Which flux cleaner do you like the best?


  • Hero Member

    I've been using 99%+ isopropyl alcohol as a flux cleaner after soldering, Although it will eventually get the job done, I'd like to find a solvent that works faster but which is still safe for components' packaging on the PCB.

    Anyone found a flux cleaner which is better than isopropyl alcohol?


  • Mod

    Although aggressive, paint thinner normally gets the job done.


  • Hardware Contributor

    @NeverDie
    I usually use same as you when I need..
    and it depends of the solder+flux used. for solderpaste, I usually use no clean. if not heated too much or high impedance circuit, that does not need cleaning...
    for other, I use isopro. you're right isopro need a bit help by brushing a bit sometimes. I know there are some flux cleaner which are very agressive too...I don't want to use water cleaning on my side...the idea of having water which can go in parts which don't like this treatment, or maybe the water could drain some impurities inside...maybe paranoid!
    I read once that it could be possible to mix isopro + flux remover. less expensive and maybe more active than just isopro. I have never tried. Something I would like to see is if a mini ultrasonic cleaner works nice too, there are some cheap....

    but I don't really need all of this for the moment...or perhaps I should try to mix isopro with some well known chemtronics flux remover just to see if it boost.The CZ seems nice.


  • Hero Member

    I had been spraying it on from an aerosol can of isopropyl alcohol, and then scrubbing it with a toothbrush. However, it generally takes anywhere from 2 to 5 iterations to get it clean. All-in-all it seems like more effort than it should be. Afterward, I typically blow it with compressed air to make it dry very quickly, so that it can be handled immediately and put to use.

    Even though a flux may be labeled as "no clean" required, it can still be sticky. Mainly for that reason, I'd rather just get it off once and for all rather than have it transfer to my hands and whatever else later. If it dried hard and non-sticky, like an epoxy, then maybe I wouldn't care, but it doesn't.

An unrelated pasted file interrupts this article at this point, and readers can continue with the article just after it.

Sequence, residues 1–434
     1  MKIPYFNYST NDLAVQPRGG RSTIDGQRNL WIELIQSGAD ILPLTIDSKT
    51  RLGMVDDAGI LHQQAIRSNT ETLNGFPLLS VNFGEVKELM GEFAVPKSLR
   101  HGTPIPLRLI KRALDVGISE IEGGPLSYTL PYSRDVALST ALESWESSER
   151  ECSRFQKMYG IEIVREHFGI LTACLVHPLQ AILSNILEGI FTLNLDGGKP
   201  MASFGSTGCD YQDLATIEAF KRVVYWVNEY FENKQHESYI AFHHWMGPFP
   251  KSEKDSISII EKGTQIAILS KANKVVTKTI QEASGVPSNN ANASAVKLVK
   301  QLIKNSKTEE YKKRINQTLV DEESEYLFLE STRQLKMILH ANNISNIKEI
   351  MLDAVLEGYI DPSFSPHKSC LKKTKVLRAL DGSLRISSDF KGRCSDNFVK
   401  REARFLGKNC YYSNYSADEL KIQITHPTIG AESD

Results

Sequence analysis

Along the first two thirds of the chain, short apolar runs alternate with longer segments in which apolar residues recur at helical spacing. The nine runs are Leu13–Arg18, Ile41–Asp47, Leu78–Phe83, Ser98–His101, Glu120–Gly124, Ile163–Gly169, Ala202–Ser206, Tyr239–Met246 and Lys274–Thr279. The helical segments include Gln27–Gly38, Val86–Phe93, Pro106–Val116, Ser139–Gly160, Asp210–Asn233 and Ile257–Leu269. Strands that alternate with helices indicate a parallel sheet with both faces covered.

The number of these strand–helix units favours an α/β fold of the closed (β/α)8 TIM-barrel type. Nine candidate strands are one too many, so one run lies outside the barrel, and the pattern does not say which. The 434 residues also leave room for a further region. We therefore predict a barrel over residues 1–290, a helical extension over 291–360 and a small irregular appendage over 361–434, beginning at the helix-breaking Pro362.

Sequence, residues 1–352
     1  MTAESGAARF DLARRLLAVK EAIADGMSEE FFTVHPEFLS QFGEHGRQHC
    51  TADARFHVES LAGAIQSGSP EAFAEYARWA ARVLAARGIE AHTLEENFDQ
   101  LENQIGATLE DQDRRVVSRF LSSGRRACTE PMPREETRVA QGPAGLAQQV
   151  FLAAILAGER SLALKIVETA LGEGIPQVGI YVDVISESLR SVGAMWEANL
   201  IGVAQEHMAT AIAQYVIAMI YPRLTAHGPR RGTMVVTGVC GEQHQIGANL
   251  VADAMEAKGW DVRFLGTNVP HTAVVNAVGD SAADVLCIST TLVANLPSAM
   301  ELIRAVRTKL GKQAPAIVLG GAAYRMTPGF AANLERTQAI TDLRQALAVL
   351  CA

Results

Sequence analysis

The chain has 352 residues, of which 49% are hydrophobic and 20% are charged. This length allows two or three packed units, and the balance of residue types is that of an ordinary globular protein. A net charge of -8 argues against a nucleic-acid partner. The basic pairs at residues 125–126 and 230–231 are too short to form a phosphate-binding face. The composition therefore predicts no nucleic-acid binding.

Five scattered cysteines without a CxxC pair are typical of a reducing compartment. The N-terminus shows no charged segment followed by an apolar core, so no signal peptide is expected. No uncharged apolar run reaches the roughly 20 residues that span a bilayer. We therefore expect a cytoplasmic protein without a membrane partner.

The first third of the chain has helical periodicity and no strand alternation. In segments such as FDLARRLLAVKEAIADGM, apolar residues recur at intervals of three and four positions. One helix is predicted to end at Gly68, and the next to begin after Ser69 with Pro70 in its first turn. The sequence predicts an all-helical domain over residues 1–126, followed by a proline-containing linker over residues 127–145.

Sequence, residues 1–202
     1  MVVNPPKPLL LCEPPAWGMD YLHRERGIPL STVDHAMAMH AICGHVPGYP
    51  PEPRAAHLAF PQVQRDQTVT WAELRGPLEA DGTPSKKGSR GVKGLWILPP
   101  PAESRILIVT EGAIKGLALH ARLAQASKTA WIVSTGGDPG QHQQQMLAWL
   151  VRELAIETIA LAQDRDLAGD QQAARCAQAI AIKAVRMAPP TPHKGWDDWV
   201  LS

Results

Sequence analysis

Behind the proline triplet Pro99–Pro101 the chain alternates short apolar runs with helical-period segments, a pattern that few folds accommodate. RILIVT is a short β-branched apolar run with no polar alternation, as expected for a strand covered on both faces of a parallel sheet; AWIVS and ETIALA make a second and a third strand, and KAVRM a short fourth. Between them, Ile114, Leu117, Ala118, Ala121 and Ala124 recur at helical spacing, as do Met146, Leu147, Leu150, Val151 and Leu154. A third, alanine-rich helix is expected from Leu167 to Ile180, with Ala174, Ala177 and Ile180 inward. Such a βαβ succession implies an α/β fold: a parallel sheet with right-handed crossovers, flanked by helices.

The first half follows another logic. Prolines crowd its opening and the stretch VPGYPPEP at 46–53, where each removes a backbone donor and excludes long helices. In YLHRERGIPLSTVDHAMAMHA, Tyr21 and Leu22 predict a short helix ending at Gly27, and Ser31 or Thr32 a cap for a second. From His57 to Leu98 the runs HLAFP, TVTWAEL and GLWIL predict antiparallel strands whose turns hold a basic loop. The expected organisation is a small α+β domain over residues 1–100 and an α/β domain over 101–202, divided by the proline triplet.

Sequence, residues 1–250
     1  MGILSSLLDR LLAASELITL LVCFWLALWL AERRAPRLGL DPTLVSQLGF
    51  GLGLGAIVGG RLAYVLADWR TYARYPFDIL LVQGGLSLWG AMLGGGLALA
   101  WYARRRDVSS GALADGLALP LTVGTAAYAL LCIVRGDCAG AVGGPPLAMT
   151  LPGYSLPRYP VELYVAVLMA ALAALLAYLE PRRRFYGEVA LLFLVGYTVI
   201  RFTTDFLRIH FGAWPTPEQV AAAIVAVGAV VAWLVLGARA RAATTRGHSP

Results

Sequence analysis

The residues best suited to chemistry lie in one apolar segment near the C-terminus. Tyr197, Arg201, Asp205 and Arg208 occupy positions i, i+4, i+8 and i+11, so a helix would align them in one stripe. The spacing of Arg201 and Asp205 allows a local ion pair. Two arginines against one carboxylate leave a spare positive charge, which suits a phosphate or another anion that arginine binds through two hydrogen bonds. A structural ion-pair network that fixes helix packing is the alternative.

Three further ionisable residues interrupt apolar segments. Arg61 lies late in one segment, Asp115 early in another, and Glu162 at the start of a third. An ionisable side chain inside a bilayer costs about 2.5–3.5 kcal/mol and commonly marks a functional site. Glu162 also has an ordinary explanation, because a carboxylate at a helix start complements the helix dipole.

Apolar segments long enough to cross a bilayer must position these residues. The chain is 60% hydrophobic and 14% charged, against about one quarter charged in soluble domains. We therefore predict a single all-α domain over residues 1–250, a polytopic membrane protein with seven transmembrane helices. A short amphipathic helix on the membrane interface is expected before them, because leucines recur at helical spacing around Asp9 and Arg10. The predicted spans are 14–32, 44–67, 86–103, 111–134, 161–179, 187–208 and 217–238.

• Hardware Contributor

    almost same thing for me.., strangely, I have no problem with noclean, it's always dried.. perhaps lucky, or the brand..mostly chipquick for me.


  • Hero Member

    @scalz

    Thanks! I have a tube of the chipquick which came with the desoldering alloy, but I had never gotten around to using it because it wasn't in a syringe. I'll switch-over to it the next time I solder.

    I had been using MG Chemicals 8341 No Clean Flux Paste, 10 ml Syringe, which seems to work well, except for the sticky residue.

    Also, I've noticed with a paste I end up applying more than I need, to ensure good coverage, which undoubtedly exacerbates the cleanup problem. I need to find a good no-clean liquid flux that I can apply very thinly with a brush or something. So, if anyone has a favorite that works well for them, I'd be interested in hearing about it. Meanwhile, I'll try the chipquick, which looks like it's a gel of some kind.



  • Hmmm I think I have flux cored solder. Have never used flux as a separate entity or flux cleaner for that matter. Suspect its time to educate myself.


  • Hero Member

    @Matt

    If you look closely you'll probably notice a standardized code on your solder spool, which, if you look it up, will tell you how aggressive the flux is and whether or not it should be cleaned off.


  • Hero Member

    @scalz
    Unfortunately, I didn't like the chipquick flux performance as much, so I reverted back to what I had been using.


 

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